So I asked Jim if perhaps I might attend some of the rehearsals, interview some of the cast, and write about it after its debut on April 28. Jim spoke with the cast and they were all in agreement. So I attended my first stage rehearsal last week.
While sitting there watching this amazing rehearsal unfold to the very end, Jim turned to me and said, “We have to stop here because we haven’t found someone to play the lead character in the final scene.” The entire cast then looked at me. Before I even had a chance to get up and flee, I accepted an invitation to make my stage debut cast in this as yet untitled production.
I have been drafted to play President Donald Trump in a satire opposite Kim Jong of North Korea. It is by no means a partisan or political affair. All I can say is that it’s going to be huge, really big. We’re going to make American drama great again. We are going to transcend a wall and the best part…? We’re going to get Kim Jong to pay for it.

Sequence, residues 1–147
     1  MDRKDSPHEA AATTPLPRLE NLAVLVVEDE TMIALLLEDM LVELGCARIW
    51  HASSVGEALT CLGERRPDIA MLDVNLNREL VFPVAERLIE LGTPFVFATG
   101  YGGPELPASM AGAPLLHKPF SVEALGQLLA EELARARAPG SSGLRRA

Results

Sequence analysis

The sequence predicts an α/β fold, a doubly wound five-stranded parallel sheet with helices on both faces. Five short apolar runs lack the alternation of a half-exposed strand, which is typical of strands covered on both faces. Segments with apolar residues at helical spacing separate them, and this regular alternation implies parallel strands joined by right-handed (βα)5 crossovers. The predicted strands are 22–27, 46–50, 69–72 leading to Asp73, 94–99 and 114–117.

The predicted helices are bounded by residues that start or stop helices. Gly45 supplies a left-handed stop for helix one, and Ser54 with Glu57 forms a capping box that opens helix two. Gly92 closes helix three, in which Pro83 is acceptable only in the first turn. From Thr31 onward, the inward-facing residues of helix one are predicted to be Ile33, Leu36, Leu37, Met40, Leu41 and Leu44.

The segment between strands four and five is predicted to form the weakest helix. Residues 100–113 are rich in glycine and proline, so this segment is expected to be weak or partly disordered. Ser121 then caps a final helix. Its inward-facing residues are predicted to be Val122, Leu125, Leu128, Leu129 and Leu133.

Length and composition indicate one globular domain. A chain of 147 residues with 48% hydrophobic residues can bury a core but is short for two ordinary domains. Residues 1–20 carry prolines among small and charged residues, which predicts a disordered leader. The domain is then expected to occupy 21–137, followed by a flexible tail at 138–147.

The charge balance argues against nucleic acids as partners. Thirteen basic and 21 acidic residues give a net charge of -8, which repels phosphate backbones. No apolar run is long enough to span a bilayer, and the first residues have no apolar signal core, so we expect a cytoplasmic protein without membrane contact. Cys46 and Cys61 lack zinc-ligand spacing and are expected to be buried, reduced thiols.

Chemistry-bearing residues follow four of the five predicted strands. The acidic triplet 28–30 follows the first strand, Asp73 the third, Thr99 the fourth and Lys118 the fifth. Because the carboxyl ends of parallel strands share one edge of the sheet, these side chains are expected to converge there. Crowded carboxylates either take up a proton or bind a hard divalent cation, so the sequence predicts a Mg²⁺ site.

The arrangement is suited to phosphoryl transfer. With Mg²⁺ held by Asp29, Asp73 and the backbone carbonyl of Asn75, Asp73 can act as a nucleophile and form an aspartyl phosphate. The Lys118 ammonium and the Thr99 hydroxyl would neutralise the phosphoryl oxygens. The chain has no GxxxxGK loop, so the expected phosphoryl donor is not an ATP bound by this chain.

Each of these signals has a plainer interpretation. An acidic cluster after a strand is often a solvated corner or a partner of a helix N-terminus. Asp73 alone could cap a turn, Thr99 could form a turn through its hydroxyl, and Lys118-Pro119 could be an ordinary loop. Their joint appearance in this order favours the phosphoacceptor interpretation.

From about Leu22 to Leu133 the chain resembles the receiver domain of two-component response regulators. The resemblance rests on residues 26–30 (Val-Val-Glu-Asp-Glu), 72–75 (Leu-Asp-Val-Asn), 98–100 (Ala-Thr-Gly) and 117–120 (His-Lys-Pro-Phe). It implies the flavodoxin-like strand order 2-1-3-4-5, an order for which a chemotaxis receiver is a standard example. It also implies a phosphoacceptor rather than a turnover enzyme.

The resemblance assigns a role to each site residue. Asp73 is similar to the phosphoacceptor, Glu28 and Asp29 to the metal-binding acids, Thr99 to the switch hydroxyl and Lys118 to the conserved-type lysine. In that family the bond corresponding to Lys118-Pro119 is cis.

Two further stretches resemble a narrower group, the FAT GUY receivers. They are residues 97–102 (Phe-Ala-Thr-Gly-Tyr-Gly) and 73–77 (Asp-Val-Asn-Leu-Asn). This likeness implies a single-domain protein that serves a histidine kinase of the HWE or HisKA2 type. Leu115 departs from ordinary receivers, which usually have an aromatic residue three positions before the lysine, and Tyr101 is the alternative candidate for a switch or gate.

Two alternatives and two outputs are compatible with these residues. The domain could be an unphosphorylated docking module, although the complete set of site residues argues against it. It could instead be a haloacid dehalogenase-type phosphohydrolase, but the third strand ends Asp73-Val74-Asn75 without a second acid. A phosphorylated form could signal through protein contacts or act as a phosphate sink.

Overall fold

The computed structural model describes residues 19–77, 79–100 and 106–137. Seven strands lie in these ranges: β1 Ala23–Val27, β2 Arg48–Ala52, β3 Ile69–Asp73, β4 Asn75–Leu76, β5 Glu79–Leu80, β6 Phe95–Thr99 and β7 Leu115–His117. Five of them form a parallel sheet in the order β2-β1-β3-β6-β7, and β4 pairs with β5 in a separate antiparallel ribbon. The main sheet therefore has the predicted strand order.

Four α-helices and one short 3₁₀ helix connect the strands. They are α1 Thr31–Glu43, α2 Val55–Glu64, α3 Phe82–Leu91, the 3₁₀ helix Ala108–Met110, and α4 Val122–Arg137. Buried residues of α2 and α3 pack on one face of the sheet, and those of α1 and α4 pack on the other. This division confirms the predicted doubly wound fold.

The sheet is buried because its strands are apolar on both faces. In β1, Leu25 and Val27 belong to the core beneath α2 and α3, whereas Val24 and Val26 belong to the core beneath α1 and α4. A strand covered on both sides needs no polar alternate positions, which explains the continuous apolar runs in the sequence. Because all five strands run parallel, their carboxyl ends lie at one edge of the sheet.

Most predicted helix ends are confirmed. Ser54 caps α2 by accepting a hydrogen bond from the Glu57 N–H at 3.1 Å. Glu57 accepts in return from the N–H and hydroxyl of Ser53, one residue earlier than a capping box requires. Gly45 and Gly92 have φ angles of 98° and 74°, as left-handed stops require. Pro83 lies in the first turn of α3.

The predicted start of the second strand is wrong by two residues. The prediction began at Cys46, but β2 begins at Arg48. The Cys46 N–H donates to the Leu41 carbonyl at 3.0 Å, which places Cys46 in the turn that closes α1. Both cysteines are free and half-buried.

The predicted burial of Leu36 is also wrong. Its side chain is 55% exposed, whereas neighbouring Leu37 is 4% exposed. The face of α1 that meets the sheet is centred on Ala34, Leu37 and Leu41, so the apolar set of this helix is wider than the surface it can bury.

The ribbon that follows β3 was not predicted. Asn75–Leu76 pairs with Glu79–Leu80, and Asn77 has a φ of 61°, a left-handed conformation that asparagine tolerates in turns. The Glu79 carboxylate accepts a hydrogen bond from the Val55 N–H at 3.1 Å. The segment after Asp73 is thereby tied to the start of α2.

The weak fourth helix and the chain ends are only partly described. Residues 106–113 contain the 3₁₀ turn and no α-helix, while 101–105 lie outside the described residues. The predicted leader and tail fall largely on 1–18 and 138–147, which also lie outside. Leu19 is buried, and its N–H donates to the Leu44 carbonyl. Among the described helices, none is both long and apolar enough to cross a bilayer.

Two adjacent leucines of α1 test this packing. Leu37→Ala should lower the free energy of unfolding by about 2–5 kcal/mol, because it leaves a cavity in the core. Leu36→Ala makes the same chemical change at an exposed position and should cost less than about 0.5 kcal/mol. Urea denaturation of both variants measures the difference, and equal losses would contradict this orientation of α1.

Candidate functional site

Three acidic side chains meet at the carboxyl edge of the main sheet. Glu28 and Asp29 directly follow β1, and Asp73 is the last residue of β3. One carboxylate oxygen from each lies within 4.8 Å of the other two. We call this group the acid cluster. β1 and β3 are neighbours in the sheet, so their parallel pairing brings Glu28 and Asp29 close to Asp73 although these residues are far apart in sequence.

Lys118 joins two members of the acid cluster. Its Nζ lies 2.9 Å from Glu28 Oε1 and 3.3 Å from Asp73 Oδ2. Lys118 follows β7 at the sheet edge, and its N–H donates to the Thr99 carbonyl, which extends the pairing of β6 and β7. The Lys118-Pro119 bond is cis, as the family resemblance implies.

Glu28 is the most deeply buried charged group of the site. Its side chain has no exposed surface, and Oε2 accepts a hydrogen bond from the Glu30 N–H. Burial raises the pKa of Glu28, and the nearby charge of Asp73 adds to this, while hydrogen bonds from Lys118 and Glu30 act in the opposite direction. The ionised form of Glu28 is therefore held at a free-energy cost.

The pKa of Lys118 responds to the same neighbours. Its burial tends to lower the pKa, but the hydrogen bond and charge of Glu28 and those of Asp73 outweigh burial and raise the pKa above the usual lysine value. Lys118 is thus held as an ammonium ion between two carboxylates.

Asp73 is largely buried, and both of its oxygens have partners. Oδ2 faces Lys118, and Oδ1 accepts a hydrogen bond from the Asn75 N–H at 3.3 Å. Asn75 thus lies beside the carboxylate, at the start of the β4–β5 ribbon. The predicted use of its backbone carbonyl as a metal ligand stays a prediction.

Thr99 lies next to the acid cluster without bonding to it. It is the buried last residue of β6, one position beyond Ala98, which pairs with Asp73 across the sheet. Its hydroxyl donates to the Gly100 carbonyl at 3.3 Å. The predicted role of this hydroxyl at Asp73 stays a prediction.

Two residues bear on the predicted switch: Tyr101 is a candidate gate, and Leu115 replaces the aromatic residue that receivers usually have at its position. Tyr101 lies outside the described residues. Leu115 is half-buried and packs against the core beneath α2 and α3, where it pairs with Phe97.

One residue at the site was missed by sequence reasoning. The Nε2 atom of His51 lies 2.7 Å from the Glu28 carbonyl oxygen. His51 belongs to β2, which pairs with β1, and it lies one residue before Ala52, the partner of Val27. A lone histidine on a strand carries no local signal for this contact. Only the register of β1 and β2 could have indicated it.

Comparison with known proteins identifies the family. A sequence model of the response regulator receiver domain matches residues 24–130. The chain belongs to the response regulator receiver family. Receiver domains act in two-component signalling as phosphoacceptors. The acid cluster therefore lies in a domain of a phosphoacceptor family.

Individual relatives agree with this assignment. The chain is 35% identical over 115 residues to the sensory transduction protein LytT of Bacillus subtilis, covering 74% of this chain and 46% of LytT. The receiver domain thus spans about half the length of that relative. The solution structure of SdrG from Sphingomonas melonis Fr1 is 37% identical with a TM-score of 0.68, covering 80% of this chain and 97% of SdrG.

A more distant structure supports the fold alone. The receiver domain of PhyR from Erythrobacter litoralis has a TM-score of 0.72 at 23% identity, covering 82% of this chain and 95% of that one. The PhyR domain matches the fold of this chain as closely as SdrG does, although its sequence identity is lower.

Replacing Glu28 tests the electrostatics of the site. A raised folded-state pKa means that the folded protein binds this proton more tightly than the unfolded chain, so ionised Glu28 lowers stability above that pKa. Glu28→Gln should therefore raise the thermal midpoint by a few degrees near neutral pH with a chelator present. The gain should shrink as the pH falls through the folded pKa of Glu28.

I am told that the props committee is already constructing the necessary hairpiece. There will be photos. I’ll keep you posted. Give my regards to Broadway.
Note from Father Gordon MacRae: Please share this post. Even in the worst Soviet gulags, stories like the one above emerged as prisoners used creativity to transcend oppression and despair. Even prison cannot be all gloom and doom. You might also like these other tales from the lighter side of These Stone Walls: